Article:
Rechargable Battery Add-On for Mini Amplifier

Upgrade a mini stereo amplifier kit with rechargeable battery power.

This project adds a rechargeable Li-ion battery and charging module to an old Dick Smith mini amplifier.  The original was powered with a 9v plug pack, but works just fine with the 3.7v Li-ion.  Recharging is though a USB port from any 5v USB source. 

DS Kit

  The original kit is model K-5008 based on a Silicon Chip project. It is built around the STMicro dual low-voltage amplifier IC. The stereo signal is supplied at a 3.5mm stereo socket and the output is at two 3.5mm sockets. As supplied, it is designed for a 9v plug-pack or battery, but the IC works to about 1.8v, so the 3.7 to 4.2v from a Li-ion battery is quite suitable.   Output is a nominal 1W per channel, but that is at the maximum supply voltage - it will be less with the battery power. The device as constructed is used as a personal portable MP3 player, in conjunction with a pair of miniature speakers and a MP3 player.


Components

The components used in the upgrade are a Samsung 25R 18650-format Li-ion battery, a matching battery holder, a charging module based on the TP4056 IC, and a USB connector board.  Note that the charging module is the type that allows for using the device while it is being charged.  This type has battery 'B' outputs that are separate from the outputs to the load (the amplifier in this case).   This meas that the module can switch the supply from the battery to the USB 5v input when it is being charged, and switch back to the battery when there is no charge supply.   This ensures that the load does not affect the measured battery voltage while charging, so there is no risk of reading an incorrect battery voltage and overcharging the battery.   Modules that do not have this capability should not have the load applied when they are being charged.  See below for an adjustment to the kit construction than ensures that charging can only be done when the amplifier is switched off.

The components include a separate USB connector board, even though the charging module is supplied with a connector..   This is because there is no simple way to mount the charging module in the existing case securely enough to ensure reliable connection of an external USB cable.   If the charging module was being used in a custom-designed case then it would be possible to provide a secure mount for the module, and the additional USB connector would not be required.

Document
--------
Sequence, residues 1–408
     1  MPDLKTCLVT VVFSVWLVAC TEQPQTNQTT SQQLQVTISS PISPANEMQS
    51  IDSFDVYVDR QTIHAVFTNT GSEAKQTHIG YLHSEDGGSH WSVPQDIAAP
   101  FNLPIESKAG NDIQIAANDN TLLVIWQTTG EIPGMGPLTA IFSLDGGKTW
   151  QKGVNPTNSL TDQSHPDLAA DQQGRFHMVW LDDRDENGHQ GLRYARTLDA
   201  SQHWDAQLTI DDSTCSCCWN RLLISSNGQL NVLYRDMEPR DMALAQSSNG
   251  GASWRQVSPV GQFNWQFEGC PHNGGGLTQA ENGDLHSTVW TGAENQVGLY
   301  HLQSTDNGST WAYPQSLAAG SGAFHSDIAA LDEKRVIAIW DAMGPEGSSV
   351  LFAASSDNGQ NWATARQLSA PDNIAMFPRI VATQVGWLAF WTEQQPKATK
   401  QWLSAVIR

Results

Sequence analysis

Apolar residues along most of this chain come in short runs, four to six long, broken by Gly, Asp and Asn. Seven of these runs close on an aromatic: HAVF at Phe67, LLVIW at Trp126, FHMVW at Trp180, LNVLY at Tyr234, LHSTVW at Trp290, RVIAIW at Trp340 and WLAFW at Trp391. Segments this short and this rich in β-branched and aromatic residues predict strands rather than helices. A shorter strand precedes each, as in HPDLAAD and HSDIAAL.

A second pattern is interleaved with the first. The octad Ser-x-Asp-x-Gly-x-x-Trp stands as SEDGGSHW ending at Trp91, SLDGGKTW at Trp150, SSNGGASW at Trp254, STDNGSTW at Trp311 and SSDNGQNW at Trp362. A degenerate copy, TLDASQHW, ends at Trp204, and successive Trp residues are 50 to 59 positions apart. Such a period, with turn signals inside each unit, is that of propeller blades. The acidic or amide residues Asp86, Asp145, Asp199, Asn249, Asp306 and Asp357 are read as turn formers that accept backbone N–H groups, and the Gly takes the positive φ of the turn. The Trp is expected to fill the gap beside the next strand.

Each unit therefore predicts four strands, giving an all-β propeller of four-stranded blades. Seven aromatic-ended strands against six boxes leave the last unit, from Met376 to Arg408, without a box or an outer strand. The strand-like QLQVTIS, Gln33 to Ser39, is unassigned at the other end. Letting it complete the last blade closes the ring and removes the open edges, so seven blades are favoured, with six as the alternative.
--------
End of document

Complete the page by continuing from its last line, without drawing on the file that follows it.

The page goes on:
Construction

The original kit was constructed with the power switch, external connectors and volume control mounted on the case front, and the circuit board on the back.  For the upgrade the battery holder has been glued to the inside of the front cover, alongside the power switch and the volume control, and the USB port and charger module mounted on the back, alongside the circuit board.   The USB port is wired through to the inputs of the charger module, the battery ("B") terminals of the charger are wired through to the battery holder, and the outputs from the charger module are wired through to the amplifier, via the power switch for the positive lead.
The side of the case front is cut away as required to allow for the insertion of the USB cable.   The original external power connector is blanked off.

A worthwhile modification that has not been implemented in this example is to insert a small 'window' in the case front to allow the light from the charger LEDs to be visible. A small piece of clear plastic, lightly roughened to disperse the light, could be mounted just above the volume control.


Usage

The amplifier is used with a MP3 player and  pair of speakers salvaged from some old headphones and mounted into 3D-printed cases.










Alternate Charger

This wiring shows how the kit can be configured with a two-pole two-position (DPDT) switch so that it will only charge when the amplifier is switched off.  This form of connection is required if the charger module does not provide separate load and battery outputs, such as those chargers that are designed for use only in dedicated battery charging devices.

 

This site was last updated 27th January 2022.